49ers come unglued, Trey Lance fails to answer Bears’ surge in opening loss

CHICAGO – After Kyle Shanahan’s news conference Sunday afternoon, the San Francisco 49ers’ head coach left the podium, stepped down a riser and tried to re-enter the adjacent visitor’s locker room at Soldier Field.

The door was locked.

As communication director Corry Rush rapped on the door for assistance, Shanahan seemed to consider a scenario in which he had to keep answering reporters’ questions about his team’s error-stuffed, what-just-happened, season-opening 19-10 loss to the Bears.

“This,” Shanahan said, “is the worst place to get trapped.”

Shanahan did escape the interview room without incident. But his team di lui couldn’t do the same on the waterlogged field because of what Shanahan termed “stupid penalties” and “silly mistakes” in a game that ended with the Bears doing celebratory slides in a mini-monsoon.

The 49ers had two turnovers, including a fumble at Chicago’s 12-yard line, allowed a sack that took them out of field-goal range and committed 12 penalties for 99 yards as they lost a 10-point, third-quarter lead while the Bears ended their upset win with 19 unanswered points in the final 20-plus minutes.

LB Dre Greenlaw: He had a 15-yard facemask penalty, a 15-yard unnecessary roughness penalty and was beaten badly in coverage on an 18-yard TD pass to WR Equanimeous St. Brown.

WR Jauan Jennings: He had four catches for 62 yards, both team-highs. His 44-yard reception in the third quarter was a career-long and set up a field goal.

DT Javon Kinlaw: He had a near-pressure of QB Justin Fields on the Bears’ first offensive play, but he was otherwise hard to locate. Kinlaw didn’t appear on the stat sheet and was briefly sidelined with an ankle injury.

– Eric Branch

“We always talk about doing right longer,” Shanahan said. “And I think today was the exact opposite of that.”

Indeed, the 49ers – a season removed from the NFC Championship Game – did a passing late-game impression of the Bears, a six-win team in 2021 with a rookie head coach and 11 rookies on its 46-man active roster.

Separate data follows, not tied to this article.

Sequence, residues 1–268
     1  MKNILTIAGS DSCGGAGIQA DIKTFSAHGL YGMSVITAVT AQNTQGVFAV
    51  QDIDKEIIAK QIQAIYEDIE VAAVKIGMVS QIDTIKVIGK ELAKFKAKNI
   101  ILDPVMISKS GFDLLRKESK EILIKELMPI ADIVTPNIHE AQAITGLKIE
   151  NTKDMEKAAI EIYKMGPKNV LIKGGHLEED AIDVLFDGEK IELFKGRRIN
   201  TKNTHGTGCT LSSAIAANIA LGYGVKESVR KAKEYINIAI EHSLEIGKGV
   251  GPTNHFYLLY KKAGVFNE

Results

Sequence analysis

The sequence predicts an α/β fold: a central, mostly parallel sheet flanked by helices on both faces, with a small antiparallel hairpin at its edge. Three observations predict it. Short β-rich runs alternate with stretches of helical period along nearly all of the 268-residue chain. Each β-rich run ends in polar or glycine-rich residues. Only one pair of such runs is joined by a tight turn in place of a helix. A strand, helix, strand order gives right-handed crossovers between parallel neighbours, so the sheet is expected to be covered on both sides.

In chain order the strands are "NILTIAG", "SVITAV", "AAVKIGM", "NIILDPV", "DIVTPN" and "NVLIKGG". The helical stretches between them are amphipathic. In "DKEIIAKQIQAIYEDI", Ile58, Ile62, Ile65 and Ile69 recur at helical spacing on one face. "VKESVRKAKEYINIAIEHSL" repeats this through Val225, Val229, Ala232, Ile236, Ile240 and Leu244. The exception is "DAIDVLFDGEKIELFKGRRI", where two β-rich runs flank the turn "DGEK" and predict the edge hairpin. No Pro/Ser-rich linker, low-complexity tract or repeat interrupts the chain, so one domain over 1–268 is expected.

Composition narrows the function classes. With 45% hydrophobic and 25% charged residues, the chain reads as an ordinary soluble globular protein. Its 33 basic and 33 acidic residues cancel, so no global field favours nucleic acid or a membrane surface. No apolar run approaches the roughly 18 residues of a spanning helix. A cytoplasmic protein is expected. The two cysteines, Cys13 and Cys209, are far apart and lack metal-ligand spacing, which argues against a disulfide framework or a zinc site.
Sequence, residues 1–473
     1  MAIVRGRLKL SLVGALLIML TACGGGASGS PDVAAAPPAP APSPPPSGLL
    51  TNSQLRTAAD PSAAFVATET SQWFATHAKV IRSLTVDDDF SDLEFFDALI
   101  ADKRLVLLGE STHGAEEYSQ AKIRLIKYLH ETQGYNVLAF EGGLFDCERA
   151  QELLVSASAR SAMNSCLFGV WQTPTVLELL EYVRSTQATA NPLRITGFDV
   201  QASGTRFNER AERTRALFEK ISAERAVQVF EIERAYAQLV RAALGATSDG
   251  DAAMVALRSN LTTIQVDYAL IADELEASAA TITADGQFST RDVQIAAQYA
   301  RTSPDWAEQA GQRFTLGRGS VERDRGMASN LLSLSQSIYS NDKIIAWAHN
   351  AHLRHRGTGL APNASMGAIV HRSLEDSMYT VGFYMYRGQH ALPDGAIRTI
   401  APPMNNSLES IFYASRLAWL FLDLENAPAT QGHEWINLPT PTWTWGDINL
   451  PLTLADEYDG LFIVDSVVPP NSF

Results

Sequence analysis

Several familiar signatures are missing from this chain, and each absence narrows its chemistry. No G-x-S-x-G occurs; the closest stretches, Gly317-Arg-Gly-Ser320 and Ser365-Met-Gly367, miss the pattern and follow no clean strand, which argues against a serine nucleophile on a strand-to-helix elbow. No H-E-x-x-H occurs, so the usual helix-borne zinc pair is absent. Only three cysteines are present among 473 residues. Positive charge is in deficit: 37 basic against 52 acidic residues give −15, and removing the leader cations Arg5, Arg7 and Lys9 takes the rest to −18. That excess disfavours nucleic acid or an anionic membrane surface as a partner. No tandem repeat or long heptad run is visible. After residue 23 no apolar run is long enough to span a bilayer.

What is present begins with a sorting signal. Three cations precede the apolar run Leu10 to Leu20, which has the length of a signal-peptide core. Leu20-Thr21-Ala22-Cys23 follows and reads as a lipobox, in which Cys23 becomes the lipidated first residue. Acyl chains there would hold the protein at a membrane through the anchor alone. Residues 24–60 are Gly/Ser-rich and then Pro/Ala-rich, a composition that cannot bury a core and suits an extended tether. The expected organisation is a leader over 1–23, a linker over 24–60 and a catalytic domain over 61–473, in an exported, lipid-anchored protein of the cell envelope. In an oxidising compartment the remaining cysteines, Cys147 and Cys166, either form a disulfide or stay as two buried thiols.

“It’s hard enough to play against the opposing team,” left tackle Trent Williams said. “It’s even harder when you play against yourself.”

The Bears, seven-point home underdogs, were outgained 331-204, averaged 3.6 yards per play and their offense was unsightly for nearly 40 minutes. At halftime, they had zero points, 19 net passing yards and quarterback Justin Fields had a 2.8 passer rating.

But they won going away largely because the 49ers gave them a host of gift-wrapped opportunities while saving their worst for last.

“We killed ourselves,” linebacker Fred Warner said. “Every single one of those drives you can look back and see we did something to help them get in the end zone.”

Warner is right. The Bears scored three straight touchdowns and each drive had a remarkable symmetry: The 49ers committed a killer penalty and the Bears quickly capitalized.

First, with the 49ers leading 10-0, linebacker Dre Greenlaw had a 15-yard facemask penalty after running back David Montgomery was stopped for a 1-yard gain on 3rd-and-4 from the Bears’ 34. Three plays later: Fields tossed a 51-yard touchdown pass to wide receiver Dante Pettis.

“The timing of the penalties,” Shanahan said, “was really crucial.”

On the Bears’ next drive, cornerback Charvarius Ward was flagged for holding on 3rd-and-9 from the Bears’ 39. Three plays later, on 3rd-and-1 from the 49ers’ 42, linebacker Azeez Al-Shaair was flagged for unnecessary roughness when he drilled Fields in mid-slide. Three plays later: Fields tossed an 18-yard touchdown pass to wide receiver Equanimeous St. Brown for a 13-10 lead.

The 49ers had two unnecessary roughness penalties when Fields was sliding.

“It was a point of emphasis and we talked about it,” Warner said. “We knew what it was with Fields and him sliding. We’ve got to be smarter. “

Trailing 13-10, Lance threw an interception that set up a 21-yard touchdown drive. And Chicago’s score was set up by a defensive tackle Javon Kinlaw’s holding penalty on a 5-yard run on 2nd-and-11 from the 49ers’ 12. One play later: Khalil Herbert had a 3-yard run that gave the Bears a 19 -10 leads.

“We have to play better,” Shanahan said, “and do things right a lot longer than we did today.”

None of it was pretty: The 49ers’ nightmare ending obscured their sloppy start, which was filled with missed chances.

On their first drive, wide receiver Deebo Samuel lost a fumble at the Bears’ 12-yard line on a 4-yard, first-down run. On their second drive, quarterback Trey Lance airmailed a would-be, 32-yard touchdown pass to tight end Tyler Kroft, who had slipped behind two defenders.

The drive ended two plays later when right tackle Mike McGlinchey allowed a six-yard sack on 3rd-and-7 from the Bears’ 29, forcing a punt.

“I gave up a stupid sack that knocked us out of field-goal range,” McGlinchey said. “That’s points right there.”

Several players noted the Bears couldn’t have rallied if they’d been put away early.

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